Slow Rolling Ground Balls Made Routine
Reports that college bats have cooled off this season—purportedly due to the use of the less-lively BBCOR-approved bats—are good news for defensive specialists. With runs down and more games being decided in the late innings, the value of a strong defense is at an all-time high. And because BBCOR bats have less of a trampoline effect than their precursors, hitters are blasting fewer line drives and putting more balls in play that infielders are capable of handling.
Still, you're unlikely to make diving, backhand grabs at the hot corner if you haven't mastered the fundamentals of infield defense.
One "routine" play is the slow rolling ground ball. Whether you're a middle infielder or playing one of the corners, a dribbler can spell trouble if you don't field it properly.
Rule number one: do not field the ball with your throwing hand or "bare-hand" the ball. "That's a complete do-or-die play," says St. Louis Cardinals second baseman Skip Schumaker. Even if you field the ball cleanly, you will be off balance, with momentum carrying you forward while you try to make the throw. Chances are your throw will be off target.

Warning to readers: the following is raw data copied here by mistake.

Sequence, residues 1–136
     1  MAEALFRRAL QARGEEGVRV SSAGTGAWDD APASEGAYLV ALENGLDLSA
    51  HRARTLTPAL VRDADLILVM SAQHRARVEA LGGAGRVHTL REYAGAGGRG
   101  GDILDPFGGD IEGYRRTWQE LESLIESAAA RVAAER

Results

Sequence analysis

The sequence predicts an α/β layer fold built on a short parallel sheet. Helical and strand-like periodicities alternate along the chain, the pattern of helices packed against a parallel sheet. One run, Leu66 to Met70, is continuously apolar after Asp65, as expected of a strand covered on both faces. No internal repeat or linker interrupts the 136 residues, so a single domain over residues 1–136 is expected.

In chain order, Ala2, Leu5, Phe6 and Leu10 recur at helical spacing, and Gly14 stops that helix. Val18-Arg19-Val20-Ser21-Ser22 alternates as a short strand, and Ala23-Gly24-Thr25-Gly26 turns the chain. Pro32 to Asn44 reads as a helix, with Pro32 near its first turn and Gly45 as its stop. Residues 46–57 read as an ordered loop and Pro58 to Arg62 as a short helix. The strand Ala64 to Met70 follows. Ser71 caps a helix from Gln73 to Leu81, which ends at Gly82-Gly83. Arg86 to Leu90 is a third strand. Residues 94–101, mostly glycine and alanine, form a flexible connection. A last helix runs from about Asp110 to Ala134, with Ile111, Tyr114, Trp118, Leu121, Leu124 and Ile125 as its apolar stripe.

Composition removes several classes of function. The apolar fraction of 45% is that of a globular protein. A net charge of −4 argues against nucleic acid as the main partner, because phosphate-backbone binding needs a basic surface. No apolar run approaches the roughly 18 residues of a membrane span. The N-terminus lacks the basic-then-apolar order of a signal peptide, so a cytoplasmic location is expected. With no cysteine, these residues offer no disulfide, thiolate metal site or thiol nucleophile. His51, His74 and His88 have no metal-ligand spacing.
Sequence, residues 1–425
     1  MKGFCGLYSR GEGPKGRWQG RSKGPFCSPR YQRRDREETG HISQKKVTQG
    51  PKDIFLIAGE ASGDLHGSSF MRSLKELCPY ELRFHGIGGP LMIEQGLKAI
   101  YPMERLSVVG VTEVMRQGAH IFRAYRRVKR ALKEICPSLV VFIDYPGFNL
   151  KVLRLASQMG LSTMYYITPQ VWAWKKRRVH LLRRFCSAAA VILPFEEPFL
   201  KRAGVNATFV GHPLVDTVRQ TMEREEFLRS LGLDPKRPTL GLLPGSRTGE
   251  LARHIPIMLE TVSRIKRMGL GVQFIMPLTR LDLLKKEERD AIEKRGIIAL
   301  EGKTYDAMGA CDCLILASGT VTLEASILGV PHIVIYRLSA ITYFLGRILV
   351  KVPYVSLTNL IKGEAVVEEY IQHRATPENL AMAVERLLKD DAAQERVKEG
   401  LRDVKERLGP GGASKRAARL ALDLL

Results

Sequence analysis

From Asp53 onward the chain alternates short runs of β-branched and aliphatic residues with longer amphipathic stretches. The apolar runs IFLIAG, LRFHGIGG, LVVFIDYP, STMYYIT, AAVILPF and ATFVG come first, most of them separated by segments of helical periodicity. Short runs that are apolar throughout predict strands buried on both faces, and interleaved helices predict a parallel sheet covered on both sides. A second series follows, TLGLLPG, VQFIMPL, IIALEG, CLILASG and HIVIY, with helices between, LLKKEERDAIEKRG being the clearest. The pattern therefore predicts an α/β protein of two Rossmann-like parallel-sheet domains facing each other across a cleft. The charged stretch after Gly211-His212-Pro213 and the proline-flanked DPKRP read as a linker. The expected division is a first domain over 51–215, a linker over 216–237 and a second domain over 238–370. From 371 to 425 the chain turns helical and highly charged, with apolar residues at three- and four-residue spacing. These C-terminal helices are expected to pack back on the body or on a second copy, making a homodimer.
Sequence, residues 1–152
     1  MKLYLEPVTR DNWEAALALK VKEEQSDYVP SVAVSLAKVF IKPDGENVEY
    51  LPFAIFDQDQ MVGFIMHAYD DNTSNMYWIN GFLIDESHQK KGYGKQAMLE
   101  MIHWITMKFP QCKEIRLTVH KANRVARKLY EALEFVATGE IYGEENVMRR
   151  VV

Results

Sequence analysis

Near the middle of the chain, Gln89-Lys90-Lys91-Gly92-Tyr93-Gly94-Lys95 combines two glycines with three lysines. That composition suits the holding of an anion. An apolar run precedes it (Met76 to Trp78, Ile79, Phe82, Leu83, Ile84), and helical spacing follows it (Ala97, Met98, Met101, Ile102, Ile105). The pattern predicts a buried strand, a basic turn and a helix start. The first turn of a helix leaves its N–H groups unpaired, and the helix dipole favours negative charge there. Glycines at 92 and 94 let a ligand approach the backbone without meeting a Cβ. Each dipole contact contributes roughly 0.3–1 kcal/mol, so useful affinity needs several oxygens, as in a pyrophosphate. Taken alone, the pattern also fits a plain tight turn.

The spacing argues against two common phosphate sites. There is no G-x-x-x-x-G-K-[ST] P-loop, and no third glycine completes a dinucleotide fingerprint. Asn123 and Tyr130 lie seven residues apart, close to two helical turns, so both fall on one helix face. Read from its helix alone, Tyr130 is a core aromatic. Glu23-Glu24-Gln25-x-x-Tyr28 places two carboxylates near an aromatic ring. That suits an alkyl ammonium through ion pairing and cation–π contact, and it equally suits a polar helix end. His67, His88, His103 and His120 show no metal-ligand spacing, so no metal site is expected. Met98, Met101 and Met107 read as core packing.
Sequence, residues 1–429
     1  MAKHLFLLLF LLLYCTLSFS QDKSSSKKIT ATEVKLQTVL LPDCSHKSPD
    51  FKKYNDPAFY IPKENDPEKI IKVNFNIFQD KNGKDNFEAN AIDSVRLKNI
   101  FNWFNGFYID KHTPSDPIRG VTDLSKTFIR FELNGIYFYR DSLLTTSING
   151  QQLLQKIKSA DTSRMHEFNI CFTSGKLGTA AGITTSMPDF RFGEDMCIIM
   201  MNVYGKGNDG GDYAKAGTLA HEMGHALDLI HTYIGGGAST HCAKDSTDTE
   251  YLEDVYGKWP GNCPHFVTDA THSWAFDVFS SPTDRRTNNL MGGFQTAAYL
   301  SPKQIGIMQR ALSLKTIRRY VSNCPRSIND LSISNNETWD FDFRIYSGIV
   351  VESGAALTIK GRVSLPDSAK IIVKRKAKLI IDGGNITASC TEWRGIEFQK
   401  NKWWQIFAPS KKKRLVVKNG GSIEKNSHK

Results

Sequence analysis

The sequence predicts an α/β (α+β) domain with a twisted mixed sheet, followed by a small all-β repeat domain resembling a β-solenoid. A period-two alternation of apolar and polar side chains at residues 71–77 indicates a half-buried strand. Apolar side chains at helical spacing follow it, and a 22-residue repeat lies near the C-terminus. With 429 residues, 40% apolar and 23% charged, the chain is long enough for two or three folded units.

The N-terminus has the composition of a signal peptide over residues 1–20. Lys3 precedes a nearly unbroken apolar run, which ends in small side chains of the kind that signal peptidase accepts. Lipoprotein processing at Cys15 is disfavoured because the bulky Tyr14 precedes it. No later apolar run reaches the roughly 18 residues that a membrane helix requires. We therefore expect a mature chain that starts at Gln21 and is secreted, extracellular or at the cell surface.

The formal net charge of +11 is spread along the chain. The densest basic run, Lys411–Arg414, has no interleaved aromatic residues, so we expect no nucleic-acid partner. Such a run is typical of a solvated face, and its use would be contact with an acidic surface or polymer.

The safest play is to scoop up the slow roller with your glove. Charging in, approach the ball to the outside of your glove-side leg. Stay low and keep your eyes on the ball all the way into your glove. Then, shift your weight to your opposite leg and throw the ball to your target, making sure to follow through.
They say the game of baseball is a grind. The consistent plays you make on slow grounders may not make the highlight reel, but they can get your pitcher out a jam or avoid giving up a run late in a ballgame.
To make this play become truly routine, practice charging and fielding ground balls during each on-field session. Mix it up by fielding balls to both sides, and even practice at different positions on the field.
Above, Skip Schumaker offers a demo on how to charge a ground ball.